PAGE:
Antz

More than a few single eyebrows have been raised at Antz, the debut animated feature from Dreamworks SKG. For one thing, the movie features the voice talents of neurotic New Yorker Woody Allen, not exactly a big name in children’s entertainment. For another, the language is a little more reckless than you’d expect from a kiddie pic, with Allen’s neurotic insect shtick even alluding to his, ahem, “erotic fantasies.” And finally, the film’s last reel turns on a weird ants-in-peril Holocaust scenario that’s likely to sail over the heads of children who don’t get the reference.

All of those concerns spring, of course, from the unavoidable perception that animated movies are, by definition as well as design, aimed solely at children. Adults who enjoy animated Disney features, for instance, generally take a sort of pride in their appreciation of cartoons, as though it’s some indicator that they still haven’t lost touch with their inner children. At least that’s the perception that holds sway in the U.S. — I suspect that in Japan, where animated feature films are often more cerebral and punishing than their live action equivalents, there would be no such confusion about the intentions of the makers of Antz.

This is the project that was raced through production at computer graphics house Pacific Data Incorporated in order to beat A Bug’s Life — Disney and Pixar’s follow-up to the immensely successful Toy Story — to movie screens. Toy Story is itself kind of a cartoon for adults, with its wry subtext about the commercialization of children’s fantasy adventures running beneath a more earnest story about friendship and self-esteem. The postmodern jokes are there, if you care to get them. And if not, Toy Story is still one beauty of a children’s flick.

Antz is a lot like Toy Story in many respects, although it’s not quite as skillful. The surface story is about a meek worker ant (Allen) named Z — rather, he’s named Z-4195, the anonymity of which is part of his problem: “When you’re the middle child in a family of five million, you don’t get any attention.” There’s no self-determination in the ant colony, where millions of ant larvae are deemed either workers or soldiers and then shoved off for training in whichever profession matches their destiny.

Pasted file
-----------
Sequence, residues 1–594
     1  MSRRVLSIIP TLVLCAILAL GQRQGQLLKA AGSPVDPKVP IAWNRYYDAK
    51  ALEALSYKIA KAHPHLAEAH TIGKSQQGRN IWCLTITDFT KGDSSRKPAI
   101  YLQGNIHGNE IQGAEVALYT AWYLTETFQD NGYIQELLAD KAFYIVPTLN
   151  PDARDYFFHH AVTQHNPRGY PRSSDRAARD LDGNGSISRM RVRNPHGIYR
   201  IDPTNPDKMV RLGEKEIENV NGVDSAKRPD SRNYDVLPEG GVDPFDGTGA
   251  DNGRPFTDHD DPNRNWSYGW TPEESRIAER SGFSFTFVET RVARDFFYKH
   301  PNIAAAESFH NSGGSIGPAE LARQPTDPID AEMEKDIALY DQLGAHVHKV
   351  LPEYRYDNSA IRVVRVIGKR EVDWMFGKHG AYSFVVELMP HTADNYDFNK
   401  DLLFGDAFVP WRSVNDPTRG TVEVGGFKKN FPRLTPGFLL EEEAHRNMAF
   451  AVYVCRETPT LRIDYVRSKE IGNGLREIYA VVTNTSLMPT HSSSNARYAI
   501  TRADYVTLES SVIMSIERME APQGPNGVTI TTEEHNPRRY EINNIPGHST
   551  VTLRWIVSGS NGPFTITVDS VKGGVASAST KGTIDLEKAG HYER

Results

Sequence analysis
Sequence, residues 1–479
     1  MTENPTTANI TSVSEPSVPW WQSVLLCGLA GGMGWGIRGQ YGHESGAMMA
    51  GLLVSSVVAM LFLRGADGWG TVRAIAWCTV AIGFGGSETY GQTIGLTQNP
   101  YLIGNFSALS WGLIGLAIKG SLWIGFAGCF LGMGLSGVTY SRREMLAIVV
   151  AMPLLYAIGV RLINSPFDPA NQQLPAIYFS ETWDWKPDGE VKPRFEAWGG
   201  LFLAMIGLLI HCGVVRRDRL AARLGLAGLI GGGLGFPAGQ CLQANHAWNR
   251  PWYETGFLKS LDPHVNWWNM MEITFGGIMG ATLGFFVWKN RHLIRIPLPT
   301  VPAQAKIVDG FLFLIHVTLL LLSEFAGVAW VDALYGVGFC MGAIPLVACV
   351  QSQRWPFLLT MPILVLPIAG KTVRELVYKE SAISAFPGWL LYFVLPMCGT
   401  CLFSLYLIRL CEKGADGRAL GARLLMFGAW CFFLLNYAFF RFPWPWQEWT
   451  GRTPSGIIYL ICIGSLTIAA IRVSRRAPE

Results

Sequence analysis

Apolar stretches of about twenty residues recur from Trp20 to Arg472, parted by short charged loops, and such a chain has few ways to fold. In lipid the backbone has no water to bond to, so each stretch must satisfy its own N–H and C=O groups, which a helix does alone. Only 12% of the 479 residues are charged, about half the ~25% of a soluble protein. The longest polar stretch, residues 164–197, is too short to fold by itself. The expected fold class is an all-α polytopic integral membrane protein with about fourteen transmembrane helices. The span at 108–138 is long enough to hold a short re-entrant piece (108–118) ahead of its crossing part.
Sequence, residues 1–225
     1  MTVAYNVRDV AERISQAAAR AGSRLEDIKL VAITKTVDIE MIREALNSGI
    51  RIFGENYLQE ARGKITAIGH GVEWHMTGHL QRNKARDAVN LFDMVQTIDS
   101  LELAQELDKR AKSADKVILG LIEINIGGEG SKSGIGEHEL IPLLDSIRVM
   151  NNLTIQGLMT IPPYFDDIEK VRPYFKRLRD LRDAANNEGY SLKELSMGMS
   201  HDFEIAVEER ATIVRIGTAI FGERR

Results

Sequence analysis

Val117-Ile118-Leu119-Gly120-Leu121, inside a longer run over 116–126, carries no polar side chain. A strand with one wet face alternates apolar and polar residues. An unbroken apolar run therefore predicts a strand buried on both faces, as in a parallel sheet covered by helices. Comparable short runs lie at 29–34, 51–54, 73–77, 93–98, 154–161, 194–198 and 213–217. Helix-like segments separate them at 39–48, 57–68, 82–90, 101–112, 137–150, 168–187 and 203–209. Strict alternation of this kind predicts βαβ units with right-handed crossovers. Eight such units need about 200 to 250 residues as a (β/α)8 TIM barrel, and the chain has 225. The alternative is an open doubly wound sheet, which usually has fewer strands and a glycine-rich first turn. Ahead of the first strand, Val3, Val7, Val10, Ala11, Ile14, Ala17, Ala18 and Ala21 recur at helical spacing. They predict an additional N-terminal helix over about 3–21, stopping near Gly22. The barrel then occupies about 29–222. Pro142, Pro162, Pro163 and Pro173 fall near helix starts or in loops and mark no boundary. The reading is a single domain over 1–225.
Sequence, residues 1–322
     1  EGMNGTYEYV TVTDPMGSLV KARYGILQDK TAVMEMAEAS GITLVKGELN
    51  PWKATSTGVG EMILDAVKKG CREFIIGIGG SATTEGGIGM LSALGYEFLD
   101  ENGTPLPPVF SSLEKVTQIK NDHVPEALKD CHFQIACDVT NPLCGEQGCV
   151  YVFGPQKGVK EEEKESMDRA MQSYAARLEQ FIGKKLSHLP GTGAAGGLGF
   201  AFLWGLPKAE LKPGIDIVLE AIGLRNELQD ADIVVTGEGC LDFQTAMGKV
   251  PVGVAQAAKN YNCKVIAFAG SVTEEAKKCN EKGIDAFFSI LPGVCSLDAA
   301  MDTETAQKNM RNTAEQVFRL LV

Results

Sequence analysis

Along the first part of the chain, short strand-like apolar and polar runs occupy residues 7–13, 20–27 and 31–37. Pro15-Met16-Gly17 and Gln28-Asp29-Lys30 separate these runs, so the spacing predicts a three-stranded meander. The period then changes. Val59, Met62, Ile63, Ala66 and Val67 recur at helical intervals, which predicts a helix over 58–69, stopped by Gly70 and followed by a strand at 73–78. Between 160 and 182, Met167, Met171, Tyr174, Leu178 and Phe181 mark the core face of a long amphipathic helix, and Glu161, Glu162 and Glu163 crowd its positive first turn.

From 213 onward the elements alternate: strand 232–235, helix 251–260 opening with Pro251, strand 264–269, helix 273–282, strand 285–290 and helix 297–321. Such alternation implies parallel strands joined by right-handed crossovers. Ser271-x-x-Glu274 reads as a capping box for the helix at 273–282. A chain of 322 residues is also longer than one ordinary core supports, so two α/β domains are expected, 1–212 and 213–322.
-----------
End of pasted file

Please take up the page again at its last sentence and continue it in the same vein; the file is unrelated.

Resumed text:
Even the royal family is expected to play by the rules — princesss Bala (Sharon Stone), through no fault of her own, is betrothed to the megalomaniacal General Mandible (Gene Hackman). One night, she sneaks out to a bar with the intention of asking a common worker ant to dance, for kicks. That ant happens to be Z, who impresses her — just barely — with a knack for individuation before they’re separated by a nasty melee. But Z is determined to catch her eye again and hatches a scheme to masquerade as a soldier in order to get close to Bala. Everything goes wrong, and Z finds himself sent to war against a nearby colony of termites. After traversing a number of plot points worthy of a historical romance pic from the 1930s, Z manages to win Bala’s heart, but finds out that Mandible has a sinister plan for subjugating the colony to his own rule.

Along the way, the plot is peppered with jokes about subverting the social order and eye-popping computer animation involving underground vistas swarming with tiny computer generated ants. The animation is impressive; it’s also a little distracting in the way it calls attention to itself. Look at the faces of the antz themselves, which are sleek, fully articulated representations of the corresponding human versions. The problem is that, while PDI can make them do the darnedest things, they don’t have naturalism down. The characters’ movements are exaggerated and artifical, like they were being controlled by puppeteers. Contrast these sleek new models with the subtly expressive faces of old-fashioned animation, and you’ll see there’s clearly a lot of ground to be convered before the computer-generated model is as affecting as the hand-drawn image. (By design, the playthings in Pixar’s Toy Story are supposed to have smooth, mostly featureless mugs, which dovetails well with the qualities of computer animation.) Finally, in the context of a wholly created world, the product placements (for Pepsi and Reebok) are even more disconcerting than usual.

Antz could also stand a little more inventiveness. For the most part, the action scenes are the sort of stuff that mega-budget Hollywood blockbusters would stage if they had the time and money to go the distance. Too many of the visuals here are reminiscent of mind-blowers we’ve already seen in live-action movies, from the outrageous cliffhangers of an Indiana Jones movie to the bug attacks in Starship Troopers and the post-assault sandscape of Saving Private Ryan‘s Omaha Beach. And for Z, the hero’s journey basically consists of being in the right place at the right time.

What really works is the dialogue, which is fast and funny and helps carry the action through the slow spots. (I’d be very surprised to hear that Allen didn’t have a hand in tweaking his trademark one-liners to suit Z, a more agreeable portrayal of the typical Woody character.) In a way, that’s faint praise for animation, a medium that’s arguably at its best if you don’t need dialogue to understand what’s going on. If it’s not entirely successful, Antz is at least unique — in terms of casting, dialogue, and subject matter, it’s the first Hollywood animation in years that isn’t 100 percent calculated to be kid-friendly.


Directed by Eric Darnell and Tim Johnson
Written by Todd Alcott, Chris Weitz and Paul Weitz
Production Design by John Bell
Edited by Stan Webb
Starring Woody Allen, Sharon Stone, Sylvester Stallone, and Gene Hackman
Theatrical aspect ratio: 1.85:1
USA, 1998

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